Indians in Bahrain worried over rising suicides
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Last Updated: Wednesday, March 14, 2012, 10:40
  
Dubai: Worried over a rise in the numbers of suicides among expatriates, Indian community leaders in Bahrain have demanded urgent steps to check the problem by offering counseling and support services.

At a gathering organised to discuss the problem and its causes, the community members said the rising numbers of suicides in the country should be a matter of concern that warranted immediate intervention, according to a report in the Gulf Daily News.

The alarm bell were sounded by reports that as many as seven Indians had committed suicides in Bahrain in the last few weeks alone.

Sovichen Chennattusserry, who organised the gathering and initiated discussions, said he is concerned that nine people had committed suicide in the last few weeks.

"A majority of them (seven) are Indians and all of them have left behind broken, shattered families," he was quoted as saying.

Chennattusserry said they need the support of the media and the community leaders.

Salmaniya Medical Complex Accident and Emergency department chief resident, P V Cheriyan, said that though the number of deaths resulting from suicide attempts were small, the number of such attempts had been increasing.

"We get scores of cases from all sections, including teenagers, who have attempted suicide. We deal with these cases according to a set protocol," he said, adding that awareness was the key in helping tackle the problem.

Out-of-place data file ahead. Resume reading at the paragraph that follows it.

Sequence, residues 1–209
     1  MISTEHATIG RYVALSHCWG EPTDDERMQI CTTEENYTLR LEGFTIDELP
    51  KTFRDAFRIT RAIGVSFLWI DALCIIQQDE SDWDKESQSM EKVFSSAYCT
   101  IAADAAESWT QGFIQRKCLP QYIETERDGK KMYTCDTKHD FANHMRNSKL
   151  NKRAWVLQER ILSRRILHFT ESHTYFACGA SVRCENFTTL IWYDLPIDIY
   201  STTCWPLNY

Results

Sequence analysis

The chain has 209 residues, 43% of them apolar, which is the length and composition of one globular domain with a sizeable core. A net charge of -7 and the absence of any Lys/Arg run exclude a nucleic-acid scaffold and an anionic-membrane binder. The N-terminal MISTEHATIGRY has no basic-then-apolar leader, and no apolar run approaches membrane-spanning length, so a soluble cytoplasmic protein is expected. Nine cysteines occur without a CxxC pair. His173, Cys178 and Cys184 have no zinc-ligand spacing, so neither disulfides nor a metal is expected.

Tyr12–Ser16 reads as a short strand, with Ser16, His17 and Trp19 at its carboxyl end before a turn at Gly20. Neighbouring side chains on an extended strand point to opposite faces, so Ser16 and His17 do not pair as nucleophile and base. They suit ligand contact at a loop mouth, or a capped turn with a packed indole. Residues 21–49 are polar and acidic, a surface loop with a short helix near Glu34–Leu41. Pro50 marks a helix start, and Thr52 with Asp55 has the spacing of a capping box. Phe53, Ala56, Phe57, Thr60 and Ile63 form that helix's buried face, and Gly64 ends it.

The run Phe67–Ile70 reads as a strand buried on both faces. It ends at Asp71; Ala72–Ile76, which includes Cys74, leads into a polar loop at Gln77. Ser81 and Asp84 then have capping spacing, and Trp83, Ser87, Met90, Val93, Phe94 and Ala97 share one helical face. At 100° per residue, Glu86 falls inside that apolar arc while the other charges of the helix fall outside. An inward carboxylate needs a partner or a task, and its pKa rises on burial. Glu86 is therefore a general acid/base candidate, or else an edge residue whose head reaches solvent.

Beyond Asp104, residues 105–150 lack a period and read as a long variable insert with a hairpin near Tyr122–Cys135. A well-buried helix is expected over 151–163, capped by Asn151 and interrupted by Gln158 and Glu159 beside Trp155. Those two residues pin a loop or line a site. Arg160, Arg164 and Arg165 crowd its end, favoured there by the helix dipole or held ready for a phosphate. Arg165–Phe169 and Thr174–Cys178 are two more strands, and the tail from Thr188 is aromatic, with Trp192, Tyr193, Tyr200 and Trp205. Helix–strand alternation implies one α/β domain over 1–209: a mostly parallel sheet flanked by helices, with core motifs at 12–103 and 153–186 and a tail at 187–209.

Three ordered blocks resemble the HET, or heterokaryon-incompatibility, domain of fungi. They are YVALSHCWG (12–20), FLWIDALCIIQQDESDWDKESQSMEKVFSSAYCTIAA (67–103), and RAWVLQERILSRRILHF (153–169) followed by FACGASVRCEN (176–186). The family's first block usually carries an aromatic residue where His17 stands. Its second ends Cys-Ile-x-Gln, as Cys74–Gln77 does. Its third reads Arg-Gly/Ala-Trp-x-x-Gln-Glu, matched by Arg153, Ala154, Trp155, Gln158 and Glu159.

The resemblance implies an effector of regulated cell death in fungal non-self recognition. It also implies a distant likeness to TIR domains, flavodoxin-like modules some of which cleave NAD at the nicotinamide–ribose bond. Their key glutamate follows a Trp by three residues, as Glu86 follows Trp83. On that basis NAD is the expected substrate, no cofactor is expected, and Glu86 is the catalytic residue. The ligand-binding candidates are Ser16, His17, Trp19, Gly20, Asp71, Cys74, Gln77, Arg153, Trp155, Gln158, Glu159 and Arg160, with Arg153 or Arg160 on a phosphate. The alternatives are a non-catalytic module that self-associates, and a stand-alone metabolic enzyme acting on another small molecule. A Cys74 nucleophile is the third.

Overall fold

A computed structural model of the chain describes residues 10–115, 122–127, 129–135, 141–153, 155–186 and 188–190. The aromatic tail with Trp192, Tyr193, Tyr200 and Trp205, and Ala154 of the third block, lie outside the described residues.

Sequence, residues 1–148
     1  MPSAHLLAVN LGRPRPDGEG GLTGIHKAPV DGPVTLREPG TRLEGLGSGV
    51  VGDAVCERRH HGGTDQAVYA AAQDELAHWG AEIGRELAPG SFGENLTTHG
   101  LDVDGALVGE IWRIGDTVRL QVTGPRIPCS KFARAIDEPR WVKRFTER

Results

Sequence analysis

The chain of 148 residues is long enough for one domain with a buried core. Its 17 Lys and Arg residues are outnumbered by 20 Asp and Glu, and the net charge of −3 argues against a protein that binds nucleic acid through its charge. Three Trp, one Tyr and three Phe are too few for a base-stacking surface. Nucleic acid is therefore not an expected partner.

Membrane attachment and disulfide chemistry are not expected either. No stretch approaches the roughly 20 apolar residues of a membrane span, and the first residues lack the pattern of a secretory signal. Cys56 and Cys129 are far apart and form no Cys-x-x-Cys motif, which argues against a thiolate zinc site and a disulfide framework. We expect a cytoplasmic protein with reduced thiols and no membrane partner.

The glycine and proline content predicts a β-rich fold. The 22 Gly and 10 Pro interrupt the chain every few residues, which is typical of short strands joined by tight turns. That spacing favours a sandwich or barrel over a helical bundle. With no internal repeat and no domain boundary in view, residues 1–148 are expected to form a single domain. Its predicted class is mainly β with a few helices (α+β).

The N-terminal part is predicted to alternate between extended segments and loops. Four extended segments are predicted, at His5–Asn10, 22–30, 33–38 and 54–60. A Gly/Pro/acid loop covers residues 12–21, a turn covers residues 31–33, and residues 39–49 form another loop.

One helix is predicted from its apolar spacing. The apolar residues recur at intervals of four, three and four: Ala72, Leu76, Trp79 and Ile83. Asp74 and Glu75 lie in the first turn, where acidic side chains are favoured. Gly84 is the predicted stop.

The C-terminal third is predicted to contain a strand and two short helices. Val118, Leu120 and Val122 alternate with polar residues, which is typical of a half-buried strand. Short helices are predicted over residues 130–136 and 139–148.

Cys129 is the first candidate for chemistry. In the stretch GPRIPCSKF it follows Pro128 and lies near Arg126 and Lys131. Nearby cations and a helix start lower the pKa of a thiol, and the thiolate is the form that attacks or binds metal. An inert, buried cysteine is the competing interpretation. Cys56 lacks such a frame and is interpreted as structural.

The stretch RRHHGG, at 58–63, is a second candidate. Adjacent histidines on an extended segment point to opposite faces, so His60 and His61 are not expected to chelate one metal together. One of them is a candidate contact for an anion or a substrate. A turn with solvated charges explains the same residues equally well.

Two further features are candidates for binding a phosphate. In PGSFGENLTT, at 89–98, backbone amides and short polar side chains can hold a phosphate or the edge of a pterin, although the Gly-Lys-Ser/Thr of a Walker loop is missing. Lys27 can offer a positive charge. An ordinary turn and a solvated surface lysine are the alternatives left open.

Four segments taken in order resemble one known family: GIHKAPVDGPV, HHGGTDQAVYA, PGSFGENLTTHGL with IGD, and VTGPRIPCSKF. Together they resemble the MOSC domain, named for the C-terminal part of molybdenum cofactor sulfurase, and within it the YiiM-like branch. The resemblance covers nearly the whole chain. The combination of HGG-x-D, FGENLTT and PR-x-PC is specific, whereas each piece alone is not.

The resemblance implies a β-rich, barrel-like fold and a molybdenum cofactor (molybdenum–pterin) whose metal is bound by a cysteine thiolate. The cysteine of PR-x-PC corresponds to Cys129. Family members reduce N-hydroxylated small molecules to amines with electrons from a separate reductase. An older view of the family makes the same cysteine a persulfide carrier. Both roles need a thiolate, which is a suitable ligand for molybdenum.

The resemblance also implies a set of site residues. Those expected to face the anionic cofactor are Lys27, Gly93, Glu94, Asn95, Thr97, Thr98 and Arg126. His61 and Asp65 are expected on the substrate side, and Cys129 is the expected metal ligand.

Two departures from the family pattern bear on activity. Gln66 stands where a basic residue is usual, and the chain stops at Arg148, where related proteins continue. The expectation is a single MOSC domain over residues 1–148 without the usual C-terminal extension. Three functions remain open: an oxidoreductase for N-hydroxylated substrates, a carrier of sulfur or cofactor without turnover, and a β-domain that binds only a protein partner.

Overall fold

The discussions suggested that teams should regularly visit labour camps and create awareness among the people on how they should deal with stress, which usually leads them to taking the extreme step.

He said financial problems, chronic illnesses and people's inability to deal with them lead to suicidal tendencies.

Babu Ramachandran, a senior physician at the local American Mission Hospital, said there should be an 'always available' helpline to counsel people individually and awareness should also be spread through the media and in schools.

Veteran community leader Vani Krishnan said she believed extra-marital affairs were a leading cause of stress and, as a result, suicides.

"These people are unable to deal with the guilt and take the extreme step," she said.

An Art of Living volunteer also offered to provide counseling and follow-up services to the most vulnerable people.

PTI


First Published: Wednesday, March 14, 2012, 10:40


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